12.  Where do appellate oral arguments take place?

Appellate oral arguments generally take place in the Regional Office Conference Room at the Workers’ Compensation Board located at 442 Civic Center Drive, Suite 225, in Augusta.

13.  May I submit new information to the Appellate Division during my appeal or oral argument?

Oral argument is not a new hearing. The Appellate Division will not consider new testimony, new exhibits, or other material relating to the facts of the case that were not already presented to the formal level Administrative Law Judge. Decision-making on an appeal is based on the “record” developed in the formal hearing level. 

14.  How long will it take for the Appellate Division to issue a decision in my case?

After the oral argument or panel conference, your appeal will be ready for decision. The appellate panel will review the record in your case and give careful consideration to the law and the parties’ arguments, and issue a written decision at a later date. There is no prescribed time frame within which the panel will issue a decision. It may take several months for the panel to complete its review and formulate the decision.

15.  What will be the effect of the Appellate Division’s decision?

The Appellate Division panel will affirm, vacate, remand, or modify the formal Administrative Law Judge’s decision in your case. When the panel affirms a decision, it means that the Administrative Law Judge’s decision stands. When the panel vacates a decision it means that the Appellate Division found some legal error in the Administrative Law Judge’s decision, and it cannot stand. When a decision is vacated it will ordinarily also be modified by the panel, or remanded. When a remand issues, the case file is returned to the formal level Administrative Law Judge and the Administrative Law Judge resumes authority over the case to proceed as directed by the Appellate Division.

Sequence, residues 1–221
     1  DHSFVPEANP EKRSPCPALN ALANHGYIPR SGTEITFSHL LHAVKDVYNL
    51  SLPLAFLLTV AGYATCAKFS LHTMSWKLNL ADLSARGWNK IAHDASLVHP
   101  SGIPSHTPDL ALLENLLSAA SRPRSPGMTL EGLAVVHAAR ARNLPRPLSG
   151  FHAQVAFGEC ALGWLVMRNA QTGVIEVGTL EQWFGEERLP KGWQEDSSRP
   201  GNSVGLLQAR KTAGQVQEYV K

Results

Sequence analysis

16.  Can I appeal the Appellate Division’s decision?

Any party in interest may request an appeal to the Maine Supreme Judicial Court, sitting as the Law Court, by filing a copy of the Appellate Division’s decision with the clerk of the Law Court within 20 days of receipt of the Appellate Division’s decision and by filing a petition seeking appellate review within 20 days thereafter. 39-A M.R.S.A.   322.  The Law Court’s jurisdiction over most workers’ compensation appeals is discretionary, meaning that the Court can decline to consider the case.